The Jamaica the Tourists Don't See
Note: I'm back. This is a blog post I wrote a few days ago on my laptop computer, but was unable to get Internet access to post it from where I was staying in Jamaica.
As I write this blog post, I am sitting in Jamaica on the front-porch of my mother-in-law’s house, enjoying the beautiful tropical weather. Jamaica is a poor country, and my wife is from one of the poorer parts of it – a small community in the rural countryside, far away from the tourist resorts and beaches that Jamaica is famous for. In this part of Jamaica, I stand out – as a white person, I am such a small minority here, that if I am here for a week and see more than two or three other people with my complexion the entire time I am here, I am shocked. Since I speak passable Jamaican patois, most Jamaicans I meet here quickly realize I am not a tourist, but do not quite know what to make of me.
The people here in this area do not have much: most houses here are small one or two room dwellings. Few people have cars – commuting to work or shopping is by bicycle or taxi. Meals are often cooked in outdoor kitchens over wood fires or on small indoor gas stoves. Laundry is washed by hand in plastic tubs and hung on lines to dry. Few people here have running water in their homes – they must carry containers down the road to a “standpipe” to fetch water for cooking or drinking.
But, people here are happy, and over the years I have been married to my wife, I have grown to love it here. I have often told my wife if I could find a way to earn even half my salary and live in this place, I would.
I remember a few years ago, I was in Jamaica at Rick’s Café, a popular tourist attraction in Negril, and struck up a conversation with a couple of the tourists. Of course, the tourists and I had gotten to Rick’s Café by two very different ways: I had driven my rental car from my wife’s rural community where I was staying, and the tourists had ridden in a shuttle bus from a 5-star resort. I asked them what they thought of Jamaica, and was surprised when they said, “It was nice once we got to the resort, but I hated the drive here. There was just too much poverty. The one thing I really don’t understand is why there are so many unfinished houses here.”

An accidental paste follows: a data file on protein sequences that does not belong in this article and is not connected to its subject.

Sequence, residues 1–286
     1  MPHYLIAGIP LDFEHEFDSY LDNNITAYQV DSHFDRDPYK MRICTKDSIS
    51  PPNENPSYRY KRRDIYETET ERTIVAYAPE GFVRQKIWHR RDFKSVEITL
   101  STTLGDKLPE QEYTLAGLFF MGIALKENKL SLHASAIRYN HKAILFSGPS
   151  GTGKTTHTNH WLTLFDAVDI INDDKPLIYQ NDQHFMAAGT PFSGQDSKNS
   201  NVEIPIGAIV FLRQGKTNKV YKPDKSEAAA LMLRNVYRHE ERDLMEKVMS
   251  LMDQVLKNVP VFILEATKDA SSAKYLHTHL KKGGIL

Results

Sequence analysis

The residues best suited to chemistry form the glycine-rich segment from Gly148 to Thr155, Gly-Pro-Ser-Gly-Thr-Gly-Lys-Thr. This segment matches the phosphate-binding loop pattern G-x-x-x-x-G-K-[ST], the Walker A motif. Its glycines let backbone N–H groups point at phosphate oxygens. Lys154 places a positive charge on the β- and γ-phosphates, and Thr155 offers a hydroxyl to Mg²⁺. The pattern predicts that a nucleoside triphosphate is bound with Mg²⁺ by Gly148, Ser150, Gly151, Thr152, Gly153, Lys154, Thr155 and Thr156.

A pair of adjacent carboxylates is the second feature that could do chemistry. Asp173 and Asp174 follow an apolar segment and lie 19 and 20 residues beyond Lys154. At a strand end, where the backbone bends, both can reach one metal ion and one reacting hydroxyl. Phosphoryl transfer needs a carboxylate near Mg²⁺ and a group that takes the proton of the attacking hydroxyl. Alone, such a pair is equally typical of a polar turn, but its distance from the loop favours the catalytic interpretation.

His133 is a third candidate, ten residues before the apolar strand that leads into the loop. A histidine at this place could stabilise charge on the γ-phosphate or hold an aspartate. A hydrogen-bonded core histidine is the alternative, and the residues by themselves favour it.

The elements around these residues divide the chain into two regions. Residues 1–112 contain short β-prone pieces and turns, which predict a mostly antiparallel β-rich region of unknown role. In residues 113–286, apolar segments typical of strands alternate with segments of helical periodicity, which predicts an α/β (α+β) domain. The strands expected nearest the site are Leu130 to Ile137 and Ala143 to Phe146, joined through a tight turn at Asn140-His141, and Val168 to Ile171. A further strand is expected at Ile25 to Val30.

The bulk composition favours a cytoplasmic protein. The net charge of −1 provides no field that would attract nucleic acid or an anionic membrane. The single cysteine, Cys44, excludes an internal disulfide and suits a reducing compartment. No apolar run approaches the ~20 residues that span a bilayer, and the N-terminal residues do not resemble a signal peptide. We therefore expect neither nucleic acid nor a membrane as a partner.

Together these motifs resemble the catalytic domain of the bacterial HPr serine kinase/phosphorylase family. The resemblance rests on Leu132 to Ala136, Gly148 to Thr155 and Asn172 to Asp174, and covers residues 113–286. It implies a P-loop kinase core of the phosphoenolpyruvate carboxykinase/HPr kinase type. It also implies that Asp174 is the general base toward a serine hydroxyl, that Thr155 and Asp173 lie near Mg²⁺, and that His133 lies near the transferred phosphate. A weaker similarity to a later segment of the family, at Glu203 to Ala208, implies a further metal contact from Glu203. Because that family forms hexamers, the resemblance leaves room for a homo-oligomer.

I remember my surprise at the tourists’ answer to my question, and to their disdain of the areas they had seen – the communities they drove through on the way to their resort probably resembled the one I am sitting in now, and I could imagine their surprise if they saw me sitting here. I have often wondered how some of these tourists’ impressions would be changed if they could spend a few nights in one of those poorer communities, possibly the same type of neighborhood some of the workers in their resorts live in, and get to see how different the lifestyle there is.
Of course, there is also an explanation to the unfinished houses. What most visitors to Jamaica don’t realize is that the unfinished houses are the result of Jamaica’s painfully high interest rates, which make home mortgages painfully unaffordable for most Jamaicans, and foolish investments for those few who can afford them. Thus, people pay cash for houses and build them in stages: building one or two rooms at a time until the house is finished. Since Jamaican houses are generally made of steel-reinforced concrete and not wood, this type of construction is possible, and in many cases, it might take a person 10 to 20 years to finish his house, a bit at a time, while he lives in the parts that are finished, but when he is done building the house, he owns it without owing anything to anyone.
What I love about Jamaica (and particularly this small rural community I am in) is the lifestyle. People here take time to enjoy themselves, and do not get so caught up in the minutiae of day-to-day life as we do in America. Jamaicans tend to live for the moment, and life here takes place at a very different pace than it does in America. I find spending a week here feels like spending a month at home. Of course, most tourists never get to experience this type of lifestyle, and while they may spend a fortune trying to emulate it in the resort, the experience falls far short of the reality.